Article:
The first pitch was inside, hitting him on the left arm.
"A 91-m.p.h. fastball," said Aaron Roques. "You know those rookie pitchers."
On base after being hit, Roques got the steal sign and took off. "I slid head first into second base, on my side, trying to protect my left arm that had been hit," he said.
Rolling his body, he jammed his right shoulder, and with injuries on consecutive pitches, playing defensive back at UCLA started to look better. Professional baseball in a San Diego Padre rookie camp in Arizona began to pale.
Roques had been recruited by the Bruins, Oregon and others as a wide receiver and defensive back at Canyon Springs High in Moreno Valley, where he also hit .300 as a senior outfielder.
"Somebody told me I couldn't play both sports at UCLA, and I understand, at Oregon too," he said. "So I signed with (Nevada) Reno to play both."
Then he signed with the Padres as a 13th-round draft choice.
"That pretty well took care of football for me," Roques said.
Until the 91-m.p.h. fastball and the terrible slide at second in extended spring training in Arizona. Inside pitches became terrifying. "I began to bail out," he said. "I probably hit .100-something while trying to recover."
He never did and was released in January. The next move was to a telephone.
"I went to California for a visit, because a guy I had played with in high school, Eric Zomalt (a defensive back who graduated this year), was there," said Roques. "But I didn't particularly like it.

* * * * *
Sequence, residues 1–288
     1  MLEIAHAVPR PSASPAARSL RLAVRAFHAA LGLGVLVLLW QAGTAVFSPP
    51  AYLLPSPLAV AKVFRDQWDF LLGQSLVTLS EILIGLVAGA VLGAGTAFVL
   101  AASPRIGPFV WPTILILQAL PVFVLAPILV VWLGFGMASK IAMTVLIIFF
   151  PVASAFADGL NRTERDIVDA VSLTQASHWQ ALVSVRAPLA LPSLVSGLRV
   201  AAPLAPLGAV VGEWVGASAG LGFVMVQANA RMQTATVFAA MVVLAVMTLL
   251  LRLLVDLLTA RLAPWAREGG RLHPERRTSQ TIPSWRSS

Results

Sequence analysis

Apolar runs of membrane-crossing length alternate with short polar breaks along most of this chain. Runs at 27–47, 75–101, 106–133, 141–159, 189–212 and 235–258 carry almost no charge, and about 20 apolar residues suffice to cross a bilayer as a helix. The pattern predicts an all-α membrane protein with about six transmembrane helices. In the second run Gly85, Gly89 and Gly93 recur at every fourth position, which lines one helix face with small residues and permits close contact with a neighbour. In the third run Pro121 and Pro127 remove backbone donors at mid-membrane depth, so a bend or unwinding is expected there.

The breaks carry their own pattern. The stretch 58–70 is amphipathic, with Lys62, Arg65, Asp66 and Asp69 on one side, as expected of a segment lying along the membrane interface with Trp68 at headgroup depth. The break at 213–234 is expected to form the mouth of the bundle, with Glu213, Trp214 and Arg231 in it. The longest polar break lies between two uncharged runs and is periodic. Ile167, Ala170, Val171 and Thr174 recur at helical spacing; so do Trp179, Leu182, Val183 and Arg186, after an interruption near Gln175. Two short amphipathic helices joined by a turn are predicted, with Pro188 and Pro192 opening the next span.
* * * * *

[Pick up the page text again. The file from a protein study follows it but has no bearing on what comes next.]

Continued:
"(Former assistant) Jacob Burney had recruited me for UCLA out of high school, but he wasn't there, so I called Coach (Ed) Kezirian."
Kezirian, UCLA's academic liaison, referred the matter to Bill Rees, then the recruiting coordinator and now the West Coast scout for the Kansas City Chiefs. He went into the archives for film on Roques and liked what he saw.
So did the UCLA coaching staff.
"We had a scholarship to offer, so we talked to him to see if he had the desire and commitment to play football again," said A.J. Christoff, who coaches UCLA's defensive backs. "He had been away from football for a while."
That he was a candidate for a position UCLA desperately needed to fill was a point in his favor.
"I just had to get the paperwork on my release so I could get my scholarship, and that let me enroll for the spring quarter," Roques said.
It also allowed him to participate in spring practice and get a leg up on other first-year players. Summer workouts with Bruin alumni, who come back to stay in shape, helped bring Roques back from football inactivity. Exposure to Carlton Gray, a UCLA All-American defensive back who plays with the Seattle Seahawks, and Mike Sherrard, a wide receiver with the New York Giants, will do that.
Roques is listed No. 2 on the depth chart at cornerback, behind the Bruins' best defender, Carl Greenwood, and is being counted on to help as part of five- and six-back defenses in pass situations.
In a week, he will be a 20-year-old freshman.
"That actually helps," he said, laughing. "But I can't redshirt. I don't think I could handle being a 25-year-old senior. A 24-year-old senior is bad enough."
He says maturity gained in two baseball seasons is valuable.
"I don't think I was really ready for college football right out of high school," Roques said. "I was away from home, playing baseball, and that helped me learn to do things for myself and mature.
"Also, it helped me not to be so in awe of what I'm seeing here."
He saw the first day of fall practice on Saturday, particularly noticing other freshmen defensive backs. They are 18-year-olds who were in high school only two months ago. Now, they are learning to play pass defense against All-American J.J. Stokes.
"You can see it in their eyes," said Roques. "It can be overwhelming."
Two-a-day practices in August are wearing, too, as he is learning.
"It's more intense," Roques said. "In baseball, practices could be longer, but there wasn't constant activity. But I'm handling this and I like it."